House cats and raccoons are among the most serious bluebird predators. Baffles or a greased pole are advised for use in areas where cats and raccoons are likely. A 5-inch roof overhang above the entrance hole reduces the possibility of raccoon or cat predation from above.
If raccoons or other predators are present, avoid mounting your box on a tree or fence post. Raccoons will naturally patrol fence lines and are more likely to locate the nest box.
This PVC box, while not fancy, is effective. It has an overhang on the front to prevent predators from reaching into the box from above and an extended shade guard to provide protection from the hot afternoon sun.
It is often a good idea to place a guard under the box to prevent snakes and other animals from entering the nest box. Commercial guards of several types are available or you may construct your own.
How to make your garden safer for birds?
Limiting predators in your yard can be challenging, but there are several things you can do to help keep birds safe:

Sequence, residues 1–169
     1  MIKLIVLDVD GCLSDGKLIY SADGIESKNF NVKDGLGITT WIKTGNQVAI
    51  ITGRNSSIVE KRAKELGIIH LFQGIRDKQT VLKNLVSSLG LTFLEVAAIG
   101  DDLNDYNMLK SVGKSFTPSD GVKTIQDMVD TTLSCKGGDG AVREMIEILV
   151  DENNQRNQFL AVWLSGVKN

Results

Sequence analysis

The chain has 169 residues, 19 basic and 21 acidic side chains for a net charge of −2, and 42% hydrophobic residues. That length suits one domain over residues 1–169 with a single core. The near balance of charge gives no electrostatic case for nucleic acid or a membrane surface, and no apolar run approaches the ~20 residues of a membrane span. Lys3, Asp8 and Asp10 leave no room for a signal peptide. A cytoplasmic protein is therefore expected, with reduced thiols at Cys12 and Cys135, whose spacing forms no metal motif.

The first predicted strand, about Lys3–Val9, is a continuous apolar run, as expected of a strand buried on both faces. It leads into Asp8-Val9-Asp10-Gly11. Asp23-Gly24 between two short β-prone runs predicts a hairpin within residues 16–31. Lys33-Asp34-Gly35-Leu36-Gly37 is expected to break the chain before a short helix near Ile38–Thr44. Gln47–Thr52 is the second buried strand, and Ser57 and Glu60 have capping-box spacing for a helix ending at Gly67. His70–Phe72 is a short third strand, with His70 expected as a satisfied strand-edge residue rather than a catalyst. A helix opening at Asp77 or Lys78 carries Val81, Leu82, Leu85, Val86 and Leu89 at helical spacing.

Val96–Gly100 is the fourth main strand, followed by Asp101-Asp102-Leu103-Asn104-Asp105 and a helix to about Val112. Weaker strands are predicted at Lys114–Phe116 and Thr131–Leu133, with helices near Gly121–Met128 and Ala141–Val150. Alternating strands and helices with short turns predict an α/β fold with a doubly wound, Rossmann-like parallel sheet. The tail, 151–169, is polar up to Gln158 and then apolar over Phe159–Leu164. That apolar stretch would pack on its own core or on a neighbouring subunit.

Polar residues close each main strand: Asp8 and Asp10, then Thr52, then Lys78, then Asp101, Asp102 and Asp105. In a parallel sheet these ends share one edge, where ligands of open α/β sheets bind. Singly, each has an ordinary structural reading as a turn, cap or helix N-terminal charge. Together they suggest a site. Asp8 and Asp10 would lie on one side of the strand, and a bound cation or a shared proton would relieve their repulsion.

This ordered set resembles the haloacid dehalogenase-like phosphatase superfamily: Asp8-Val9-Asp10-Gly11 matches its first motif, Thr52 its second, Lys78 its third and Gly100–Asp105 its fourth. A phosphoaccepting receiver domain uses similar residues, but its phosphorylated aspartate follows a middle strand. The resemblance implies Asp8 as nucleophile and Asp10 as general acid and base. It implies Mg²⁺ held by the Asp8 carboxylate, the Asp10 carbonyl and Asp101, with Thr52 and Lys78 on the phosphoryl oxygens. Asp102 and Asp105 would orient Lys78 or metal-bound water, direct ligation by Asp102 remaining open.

- Remove food sources: One of the best ways to limit predators in your yard is to remove any potential food sources, such as pet food or garbage, that may attract them.
- Keep bird feeders clean: Clean bird feeders and bird baths regularly to prevent the buildup of mold and bacteria that may attract predators.
- Install predator guards: Install predator guards around birdhouses, feeders, and nesting boxes to prevent predators such as raccoons, cats, and squirrels from accessing them.
- Choose bird-friendly landscaping: Plant shrubs, trees, and other vegetation that provides cover for birds, but avoid dense shrubbery that may provide hiding places for predators.
- Keep pets indoors: Keep cats and other pets indoors, especially during the breeding season when birds are nesting and vulnerable.
However, remember that predators are a natural part of the ecosystem, and it’s important to balance the needs of wildlife with the desire to protect birds.